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Carbon Border Adjustment Mechanism (CBAM) 

Article, Industry Insights

Carbon Border Adjustment Mechanism (CBAM) 

The world of sustainability is awash with acronyms and it shows no sign of letting up. In October 2023 the transitional phase of the Carbon Border Adjustment Mechanism (CBAM) entered into the European sustainability-related regulatory landscape. 

With other regulatory developments towards the end of 2023, including voting on the Corporate Sustainability Due Diligence Directive (CSDDD) and the approval of the European Sustainability Reporting Standards (ESRS), CBAM might have skipped your attention. Our CBAM blog will help answer some of the important questions you might have; What it is, why it matters, who is impacted, what you need to do and how we can help. 

What is CBAM? 

CBAM is the world’s first carbon border tariff on carbon-intensive products. CBAM has been introduced by the European Union (EU) with the aim of reducing ‘carbon leakage’ associated with the import of certain goods from third countries into the European market. 

Initially, goods from high-emitting sectors, including, cement, fertilisers, iron and steel, aluminium, hydrogen and electricity will have a carbon levy placed on them which is linked to the EU Emissions Trading System (ETS). 

Why is CBAM Important? 

CBAM is important because it creates a level playing field on the price of carbon emitted during the production of carbon-intensive goods that are entering the EU. By implementing CBAM it is hoped that it will support the EU’s aims in reducing carbon emissions by at least 55% by 2030.  

The legislation is also important as it is the first of it’s kind and will allow the EU to position itself as an international leader in tackling climate change. It is hoped that CBAM will encourage foreign producers to reduce emissions, or encourage governments around the world to establish their own carbon pricing and promote cleaner industrial production methods. 

Who Does CBAM Impact? 

CBAM impacts businesses within the EU who are importing goods from high-emitting sectors, including, cement, fertilisers, iron and steel, aluminium, hydrogen and electricity. The legislation also impacts non-EU businesses who are importing goods into the European marketplace.  

What Do Companies Need to Do? 

During the initial transition phase which commenced on the 1 October 2023 and extends to the 31 December 2025, companies importing goods into the EU will have to report on a quarterly basis. The report must include: 

  • Energy use 
  • Embedded emissions (including direct and indirect emissions) 
  • Country of origin of imported goods 
  • Carbon price to be paid in the country of origin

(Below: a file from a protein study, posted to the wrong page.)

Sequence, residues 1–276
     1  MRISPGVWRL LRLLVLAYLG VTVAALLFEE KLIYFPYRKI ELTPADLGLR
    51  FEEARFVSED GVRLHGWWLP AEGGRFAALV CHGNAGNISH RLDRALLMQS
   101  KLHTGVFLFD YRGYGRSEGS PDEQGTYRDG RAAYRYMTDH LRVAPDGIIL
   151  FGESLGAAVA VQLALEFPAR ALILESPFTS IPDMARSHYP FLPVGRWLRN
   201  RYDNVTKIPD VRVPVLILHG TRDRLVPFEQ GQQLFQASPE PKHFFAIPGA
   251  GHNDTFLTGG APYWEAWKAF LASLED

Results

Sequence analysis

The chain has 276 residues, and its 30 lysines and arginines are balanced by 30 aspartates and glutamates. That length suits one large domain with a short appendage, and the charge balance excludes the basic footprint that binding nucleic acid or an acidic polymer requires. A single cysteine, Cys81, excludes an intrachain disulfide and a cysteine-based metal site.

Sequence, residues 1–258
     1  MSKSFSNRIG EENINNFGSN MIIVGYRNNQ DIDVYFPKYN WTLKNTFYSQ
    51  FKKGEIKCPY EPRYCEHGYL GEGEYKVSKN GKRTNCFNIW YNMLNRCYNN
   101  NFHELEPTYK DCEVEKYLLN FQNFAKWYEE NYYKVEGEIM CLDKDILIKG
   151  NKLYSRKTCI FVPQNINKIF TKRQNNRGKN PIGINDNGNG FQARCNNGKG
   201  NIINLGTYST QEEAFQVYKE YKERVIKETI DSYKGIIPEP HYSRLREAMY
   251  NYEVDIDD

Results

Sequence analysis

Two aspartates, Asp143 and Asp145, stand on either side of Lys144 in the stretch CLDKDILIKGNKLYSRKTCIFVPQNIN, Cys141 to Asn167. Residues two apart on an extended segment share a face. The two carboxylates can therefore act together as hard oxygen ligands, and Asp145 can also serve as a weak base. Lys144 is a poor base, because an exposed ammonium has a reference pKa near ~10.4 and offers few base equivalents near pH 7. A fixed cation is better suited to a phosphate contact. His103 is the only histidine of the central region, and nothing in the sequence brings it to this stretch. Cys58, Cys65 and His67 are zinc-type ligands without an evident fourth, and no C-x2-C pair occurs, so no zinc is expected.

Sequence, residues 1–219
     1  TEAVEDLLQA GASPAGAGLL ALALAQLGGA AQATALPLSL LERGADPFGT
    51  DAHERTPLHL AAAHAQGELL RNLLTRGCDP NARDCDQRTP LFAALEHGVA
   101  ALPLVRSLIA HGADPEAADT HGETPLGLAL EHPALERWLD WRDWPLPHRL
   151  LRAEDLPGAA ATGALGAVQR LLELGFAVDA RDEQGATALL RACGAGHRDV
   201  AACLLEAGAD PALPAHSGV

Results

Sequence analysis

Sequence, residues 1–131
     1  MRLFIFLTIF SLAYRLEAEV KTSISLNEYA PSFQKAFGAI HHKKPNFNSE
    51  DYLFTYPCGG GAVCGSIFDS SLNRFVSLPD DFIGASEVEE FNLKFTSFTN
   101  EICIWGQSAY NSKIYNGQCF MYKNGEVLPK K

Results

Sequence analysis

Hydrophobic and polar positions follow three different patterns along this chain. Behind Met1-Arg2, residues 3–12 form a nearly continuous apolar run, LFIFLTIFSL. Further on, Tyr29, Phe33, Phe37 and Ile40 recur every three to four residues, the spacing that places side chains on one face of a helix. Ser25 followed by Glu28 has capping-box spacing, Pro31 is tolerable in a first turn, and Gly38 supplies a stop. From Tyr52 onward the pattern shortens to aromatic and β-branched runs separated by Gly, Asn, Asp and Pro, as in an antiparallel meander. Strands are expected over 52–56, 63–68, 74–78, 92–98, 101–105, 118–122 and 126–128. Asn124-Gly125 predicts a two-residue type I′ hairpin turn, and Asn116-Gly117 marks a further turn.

Following the transition phase, reporting obligations will reduce in frequency to an annual reporting cycle (due by the 31 May each year). Companies will also be required to purchase the equivalent number of CBAM certificates to cover the reported embedded emissions. 

How Achilles Helps Business Comply with CBAM 

Supplier Engagement : Our cloud-based software is translated into over 20 languages and is complimented by a team of global experts who are on hand to speak to suppliers in a language that they understand. Through our solution our clients are supported in engaging and educating their suppliers on CBAM, reporting and calculating carbon emissions.  

Carbon Data Collection: The MyAchilles Carbon Module enables buying companies affected by the regulation to collect carbon data from their supply chains quickly and efficiently, including data across Scope 1, Scope 2 and Scope 3. The first step in ensuring accurate CBAM reporting. 

Reporting: Supply chain carbon data is calculated and is easily accessed through the MyAchilles platform to support quarterly reporting requirements. Our suite of analytics tools enables our customers to gain the insight they need to report quickly and confidently.  

Carbon Reduction and Verification: We don’t stop at reporting, the Achilles Carbon Reduce programme is a world-leading service which accurately verifies greenhouse gas emissions to ISO 14064-1. On average, clients that deploy the Achilles Carbon Reduce programme can expect to reduce optional carbon by 50% over five to six years. 

By managing CBAM and other supply chain related requirements via Achilles, companies benefit from significant economies of scale, share the burden of compliance and save themselves significant cost.

Get in touch to discuss your CBAM and carbon management requirements. 

Learn more about how Achilles supports CBAM